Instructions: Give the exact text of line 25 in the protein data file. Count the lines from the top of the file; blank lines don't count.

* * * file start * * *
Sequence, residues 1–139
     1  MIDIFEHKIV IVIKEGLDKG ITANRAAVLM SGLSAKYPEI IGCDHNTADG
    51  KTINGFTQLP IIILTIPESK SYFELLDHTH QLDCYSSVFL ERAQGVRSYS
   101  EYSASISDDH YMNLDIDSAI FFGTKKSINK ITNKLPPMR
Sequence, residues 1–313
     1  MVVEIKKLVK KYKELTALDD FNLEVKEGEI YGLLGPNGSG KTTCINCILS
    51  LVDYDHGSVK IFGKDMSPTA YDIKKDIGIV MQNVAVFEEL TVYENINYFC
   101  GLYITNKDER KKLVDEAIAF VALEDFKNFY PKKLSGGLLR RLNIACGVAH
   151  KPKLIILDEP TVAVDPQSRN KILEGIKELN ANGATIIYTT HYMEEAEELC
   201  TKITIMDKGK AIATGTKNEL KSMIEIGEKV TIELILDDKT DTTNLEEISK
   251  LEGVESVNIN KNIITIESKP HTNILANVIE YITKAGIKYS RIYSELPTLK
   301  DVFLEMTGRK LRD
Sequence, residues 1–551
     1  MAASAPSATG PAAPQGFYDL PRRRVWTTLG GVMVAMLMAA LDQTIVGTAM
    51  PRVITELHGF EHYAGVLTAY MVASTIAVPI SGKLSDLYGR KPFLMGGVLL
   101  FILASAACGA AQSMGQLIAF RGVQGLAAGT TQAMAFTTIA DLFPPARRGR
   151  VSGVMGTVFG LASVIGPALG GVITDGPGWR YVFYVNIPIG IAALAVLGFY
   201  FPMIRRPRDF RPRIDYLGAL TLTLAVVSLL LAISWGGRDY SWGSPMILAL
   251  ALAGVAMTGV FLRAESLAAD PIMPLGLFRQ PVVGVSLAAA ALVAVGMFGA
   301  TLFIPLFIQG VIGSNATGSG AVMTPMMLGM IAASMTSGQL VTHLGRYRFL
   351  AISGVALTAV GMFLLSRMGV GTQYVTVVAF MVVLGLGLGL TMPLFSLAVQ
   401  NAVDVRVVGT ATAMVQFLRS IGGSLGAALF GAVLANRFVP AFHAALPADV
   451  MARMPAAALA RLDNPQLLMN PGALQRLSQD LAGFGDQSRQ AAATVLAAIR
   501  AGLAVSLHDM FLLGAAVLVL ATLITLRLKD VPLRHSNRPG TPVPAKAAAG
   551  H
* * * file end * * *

   551  H